Featured Researcher — Rodney Britt, PhDFeatured Researcher — Rodney Britt, PhD https://pediatricsnationwide.org/wp-content/themes/corpus/images/empty/thumbnail.jpg 150 150 Natalie Wilson Natalie Wilson https://pediatricsnationwide.org/wp-content/uploads/2021/06/Natalieheadshot3-2.png
- October 06, 2021
- Natalie Wilson
Rodney D. Britt Jr., PhD, is a principal investigator in the Center for Perinatal Research at the Abigail Wexner Research Institute at Nationwide Children’s Hospital and an assistant professor of Pediatrics at The Ohio State University.
Dr. Britt earned his bachelor’s degree in Chemistry from North Carolina A&T State University and his doctorate degree in Biomedical Sciences from The Ohio State University. He completed his postdoctoral training at Mayo Clinic in Rochester, MN. His research training centered on understanding mechanisms in neonatal and pediatric airway diseases, most notably asthma and bronchopulmonary dysplasia.
Children with airway disease experience significant airflow obstruction, airway hyperresponsiveness, and chronic inflammation. Furthermore, development of airway disease as a child increases the risk having a chronic airway as an adult.
Dr. Britt’s lab aims to advance understanding of mechanisms related to neonatal and pediatric airway disease, with emphasis on how airway inflammation affects airway structure and function in asthma.
Although effective in suppressing inflammation, corticosteroids are largely ineffective in preventing the pathological and functional changes in airway disease.
Consequentially, patients insensitive to corticosteroids have difficulty managing symptoms and experience greater disease burden. Dr. Britt’s lab studies how airway inflammation affects corticosteroid sensitivity in asthma, while working to develop novel strategies to improve corticosteroid sensitivity and alleviate asthma.
Read on to learn more about Dr. Britt and his research journey.
Why did you pursue a career in research?
Growing up, my mom was a nurse, but I wasn’t too interested in science. I started out in college studying graphic design and communications, but I knew I had the wrong major. I remember watching someone using Photoshop and knew I couldn’t see myself doing that work. I happened to take a physics class and liked it, so I decided I wanted to try science again. I ended up majoring in chemistry over physics, though, because I wasn’t sure what I wanted to do and thought chemistry would be a good general direction in terms of finding a job.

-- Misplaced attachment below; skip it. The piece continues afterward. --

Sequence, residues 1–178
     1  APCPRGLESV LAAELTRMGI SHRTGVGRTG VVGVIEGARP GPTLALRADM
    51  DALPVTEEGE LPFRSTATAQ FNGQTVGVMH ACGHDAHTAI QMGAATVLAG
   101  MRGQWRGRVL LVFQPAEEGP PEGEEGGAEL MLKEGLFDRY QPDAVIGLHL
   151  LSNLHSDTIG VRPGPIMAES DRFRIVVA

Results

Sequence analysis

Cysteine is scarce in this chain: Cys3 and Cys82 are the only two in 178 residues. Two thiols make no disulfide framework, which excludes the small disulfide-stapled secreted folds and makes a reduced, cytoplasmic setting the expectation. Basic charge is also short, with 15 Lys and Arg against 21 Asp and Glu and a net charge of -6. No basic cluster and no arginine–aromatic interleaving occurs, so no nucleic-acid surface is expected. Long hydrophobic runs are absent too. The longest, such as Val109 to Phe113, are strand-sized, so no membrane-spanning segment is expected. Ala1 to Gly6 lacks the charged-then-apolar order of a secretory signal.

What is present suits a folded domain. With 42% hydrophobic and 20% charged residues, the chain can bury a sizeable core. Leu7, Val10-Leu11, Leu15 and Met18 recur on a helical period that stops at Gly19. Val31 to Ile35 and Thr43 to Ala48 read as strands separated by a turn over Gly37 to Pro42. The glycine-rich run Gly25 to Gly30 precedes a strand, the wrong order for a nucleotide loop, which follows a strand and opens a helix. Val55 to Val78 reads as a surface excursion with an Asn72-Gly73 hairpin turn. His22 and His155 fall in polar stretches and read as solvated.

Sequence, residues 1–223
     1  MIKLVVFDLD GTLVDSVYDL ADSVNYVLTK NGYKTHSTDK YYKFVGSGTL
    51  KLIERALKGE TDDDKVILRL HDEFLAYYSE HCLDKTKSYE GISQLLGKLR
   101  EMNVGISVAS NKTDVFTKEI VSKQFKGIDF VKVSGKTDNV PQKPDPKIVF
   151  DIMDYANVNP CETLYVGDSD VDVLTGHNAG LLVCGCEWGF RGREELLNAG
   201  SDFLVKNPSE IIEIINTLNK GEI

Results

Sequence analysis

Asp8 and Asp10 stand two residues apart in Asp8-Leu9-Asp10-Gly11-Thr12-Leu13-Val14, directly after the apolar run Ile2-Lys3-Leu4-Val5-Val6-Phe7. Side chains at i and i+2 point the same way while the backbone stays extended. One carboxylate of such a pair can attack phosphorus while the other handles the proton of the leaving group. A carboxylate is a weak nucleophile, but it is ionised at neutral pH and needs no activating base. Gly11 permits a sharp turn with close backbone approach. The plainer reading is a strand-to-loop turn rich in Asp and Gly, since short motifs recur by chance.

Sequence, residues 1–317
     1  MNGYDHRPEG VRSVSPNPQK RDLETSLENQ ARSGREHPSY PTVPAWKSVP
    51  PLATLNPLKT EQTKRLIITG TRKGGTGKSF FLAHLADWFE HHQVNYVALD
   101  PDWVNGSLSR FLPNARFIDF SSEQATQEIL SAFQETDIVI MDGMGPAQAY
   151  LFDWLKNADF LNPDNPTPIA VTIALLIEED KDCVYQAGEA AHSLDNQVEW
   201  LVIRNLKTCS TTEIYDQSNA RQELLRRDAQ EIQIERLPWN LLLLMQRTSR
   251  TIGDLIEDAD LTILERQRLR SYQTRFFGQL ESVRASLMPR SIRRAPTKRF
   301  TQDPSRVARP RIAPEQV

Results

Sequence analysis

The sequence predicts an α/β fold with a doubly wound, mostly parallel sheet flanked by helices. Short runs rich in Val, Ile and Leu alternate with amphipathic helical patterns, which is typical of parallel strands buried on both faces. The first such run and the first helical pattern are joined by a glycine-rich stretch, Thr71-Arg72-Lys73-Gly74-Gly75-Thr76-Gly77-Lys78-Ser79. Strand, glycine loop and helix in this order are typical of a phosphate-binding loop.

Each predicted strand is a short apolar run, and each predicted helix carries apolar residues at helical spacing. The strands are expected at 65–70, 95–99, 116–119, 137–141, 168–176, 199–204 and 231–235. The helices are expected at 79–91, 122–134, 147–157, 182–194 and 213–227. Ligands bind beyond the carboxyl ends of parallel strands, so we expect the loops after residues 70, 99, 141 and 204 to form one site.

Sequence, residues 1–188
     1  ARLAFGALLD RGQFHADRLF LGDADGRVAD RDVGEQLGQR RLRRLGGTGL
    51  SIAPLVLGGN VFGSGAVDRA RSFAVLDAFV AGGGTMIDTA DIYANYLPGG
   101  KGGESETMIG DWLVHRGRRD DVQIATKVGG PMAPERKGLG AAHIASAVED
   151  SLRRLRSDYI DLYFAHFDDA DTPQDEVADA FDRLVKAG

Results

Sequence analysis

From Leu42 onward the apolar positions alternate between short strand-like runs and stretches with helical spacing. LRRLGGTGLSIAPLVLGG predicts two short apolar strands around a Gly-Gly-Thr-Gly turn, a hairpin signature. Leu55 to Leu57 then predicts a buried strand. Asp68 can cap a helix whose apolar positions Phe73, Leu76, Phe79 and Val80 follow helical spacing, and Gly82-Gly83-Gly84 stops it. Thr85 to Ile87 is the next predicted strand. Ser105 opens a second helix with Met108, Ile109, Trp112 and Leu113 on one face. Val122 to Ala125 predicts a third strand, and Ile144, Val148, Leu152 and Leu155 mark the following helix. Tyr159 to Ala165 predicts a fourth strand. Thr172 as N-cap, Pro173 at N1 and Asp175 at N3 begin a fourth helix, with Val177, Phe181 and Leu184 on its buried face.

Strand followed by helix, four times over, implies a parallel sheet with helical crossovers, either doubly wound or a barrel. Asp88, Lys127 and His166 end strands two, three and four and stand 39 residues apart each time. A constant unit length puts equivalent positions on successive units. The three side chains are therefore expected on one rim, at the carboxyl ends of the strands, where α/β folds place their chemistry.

I was looking for what to do next and started thinking of going to medical school — I didn’t know about doctorate research yet — because I found biology and pharmacology interesting, even though I wasn’t really interested in human disease at that time. I joined a six-week med school prep program in the summer, and that program and the people I met there helped me begin to formulate what I was going to do next.
My cousin, who was one of my roommates, was pursuing a doctorate degree in mechanical engineering, so I started thinking about a doctorate degree. Then, a year after I met him at the prep program, a friend ended up going to the The Ohio State Biochemistry Program while I was still an undergrad. I decided to apply for the Biomedical Sciences Graduate Program at OSU to get my doctorate degree.
Because I studied chemistry in undergrad, there was definitely a steep learning curve in my first year. But there are also some things you learn in chemistry — a lot of problem-solving based skills — that can really help you. You aren’t pigeonholed by your major. Now I see all of the diverse backgrounds of people in medicine, and it’s one of the things I really love about it.
Fun Facts About Dr. Britt
What fictional character would you most like to meet and why?
Lestat from Interview with the Vampire.
What do you usually eat for breakfast?
It’s different every day, but my favorites are eggs and hash browns, sausage or bacon, and sometime grits.
What’s your favorite food?
Chicken wings and tater tots.
I’m a big hip hop head — some of my favorite artists are Wu-Tang Clan, Kendrick Lamar and J. Cole.
Favorite way to relax?
I like watching TV and sports, mostly football and basketball.
What was your path to your current role?
I took my path one step at a time, and I took advantage of every opportunity in every step. I just went forward in the direction life took me.
Looking back, there’s definitely a lot of serendipity in terms of the interactions I had with the people around me that led me to where I am.